The Story of North and Main
Jun 02, 2015 09:52AM
By Richard Gaw
Some nights, when the rest of Cecil County is asleep, Angela Hodgetts drives from the home she shares with her husband Mark to the corner of North and Main Streets in Elkton.
She opens the door to what is now Minihane's Irish Pub and Restaurant, the successful Irish establishment that has served as the unofficial home base of the Elkton social scene since it opened in late 2013. The main floor rings with the memory of the evening's frivolity -- the laughing of the customers, the conversations at the bar between the bartenders, waiters and the regulars, and the jangly sounds of a local band that has long packed up and gone home.
It's not the main floor, however, that Hodgetts comes to see, but the second floor, and the third, and the fourth. She never brings a flashlight. She touches the walls. The old locks. The claw-footed tubs. She listens to the creaks in the old wooden floors. She inhales its history, one that dates back to 1853, when the building that now stands was constructed. Yes, she has heard that the old bones of the building's top floors are rumored to be haunted -- and Mark will be the first to say that he hates going up there alone -- but to Hodgetts, there is nothing for her to fear. If there are ghosts, they know why she is there at this hour of the night.
"The building seems to tell me, 'You belong here. You have nothing to worry about,'" she said. "I feel like I'm part of the building itself. And every time I'm there, I realize that the thought that everything in this building has already been discovered is not true. There's always something new to find."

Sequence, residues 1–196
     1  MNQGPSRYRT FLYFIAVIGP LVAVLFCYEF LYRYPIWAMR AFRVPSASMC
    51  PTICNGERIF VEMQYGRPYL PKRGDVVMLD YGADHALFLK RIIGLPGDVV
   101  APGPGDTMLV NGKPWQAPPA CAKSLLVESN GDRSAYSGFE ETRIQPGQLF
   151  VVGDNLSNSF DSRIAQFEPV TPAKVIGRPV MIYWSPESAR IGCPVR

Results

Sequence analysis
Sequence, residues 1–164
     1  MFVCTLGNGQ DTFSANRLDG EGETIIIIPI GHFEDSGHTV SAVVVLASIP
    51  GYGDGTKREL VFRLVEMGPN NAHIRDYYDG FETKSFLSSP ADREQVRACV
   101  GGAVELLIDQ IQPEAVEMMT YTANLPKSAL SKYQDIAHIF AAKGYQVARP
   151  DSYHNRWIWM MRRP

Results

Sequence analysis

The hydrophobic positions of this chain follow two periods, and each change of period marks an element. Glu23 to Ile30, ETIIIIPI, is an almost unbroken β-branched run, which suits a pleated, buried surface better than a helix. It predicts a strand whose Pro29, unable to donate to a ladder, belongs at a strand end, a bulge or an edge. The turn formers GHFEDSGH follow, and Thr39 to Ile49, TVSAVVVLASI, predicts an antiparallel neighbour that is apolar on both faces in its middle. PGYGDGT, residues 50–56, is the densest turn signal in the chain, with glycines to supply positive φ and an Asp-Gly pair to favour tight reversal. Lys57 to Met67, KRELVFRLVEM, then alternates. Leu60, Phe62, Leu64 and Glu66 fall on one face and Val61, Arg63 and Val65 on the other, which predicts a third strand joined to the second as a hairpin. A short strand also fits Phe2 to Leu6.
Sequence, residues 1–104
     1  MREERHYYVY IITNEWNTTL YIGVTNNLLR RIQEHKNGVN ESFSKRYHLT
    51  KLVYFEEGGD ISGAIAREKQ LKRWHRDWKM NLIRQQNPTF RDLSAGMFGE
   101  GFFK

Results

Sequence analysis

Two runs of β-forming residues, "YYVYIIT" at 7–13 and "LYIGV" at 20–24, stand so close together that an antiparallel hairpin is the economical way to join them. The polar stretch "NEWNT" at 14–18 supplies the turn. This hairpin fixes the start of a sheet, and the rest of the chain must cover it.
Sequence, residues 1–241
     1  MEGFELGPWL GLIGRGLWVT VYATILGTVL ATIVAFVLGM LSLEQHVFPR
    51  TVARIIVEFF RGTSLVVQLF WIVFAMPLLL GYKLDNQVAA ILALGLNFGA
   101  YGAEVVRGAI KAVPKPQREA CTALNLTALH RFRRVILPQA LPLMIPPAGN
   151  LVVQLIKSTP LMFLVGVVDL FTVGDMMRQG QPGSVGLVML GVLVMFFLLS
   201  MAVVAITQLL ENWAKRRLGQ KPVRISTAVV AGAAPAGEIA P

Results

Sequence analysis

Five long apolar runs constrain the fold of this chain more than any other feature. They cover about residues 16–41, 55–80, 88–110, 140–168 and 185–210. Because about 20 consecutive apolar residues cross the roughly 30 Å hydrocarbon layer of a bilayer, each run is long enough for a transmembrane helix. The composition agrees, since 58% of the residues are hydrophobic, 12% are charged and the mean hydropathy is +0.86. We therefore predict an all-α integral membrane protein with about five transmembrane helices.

Call it research. Call it a passion. Call it the attempt to solve a mystery, but whatever reasons Angela Hodgett finds for visiting this venerable old structure in Elkton, they are finding their way into a book she is writing that could very well become the building's definitive history.
"North and Main," scheduled to be published at year's end, will be the culmination of more than a year's worth of writing and intensive research Hodgetts has undertaken, work that has brought her in contact with hundreds of people and small mountains of documentation that have helped her piece together what had been -- and still remains -- a cornerstone of Elkton and Cecil County.
"A few years ago, when I was finishing my college degree, I was taking a class that assigned us to write a paper on something historical in the area," said Hodgetts, who was born and raised in Elkton. " I chose the Howard House, and began to look at the history of the building. Soon after I began digging, I realized that this could be much more than just a paper or a college assignment."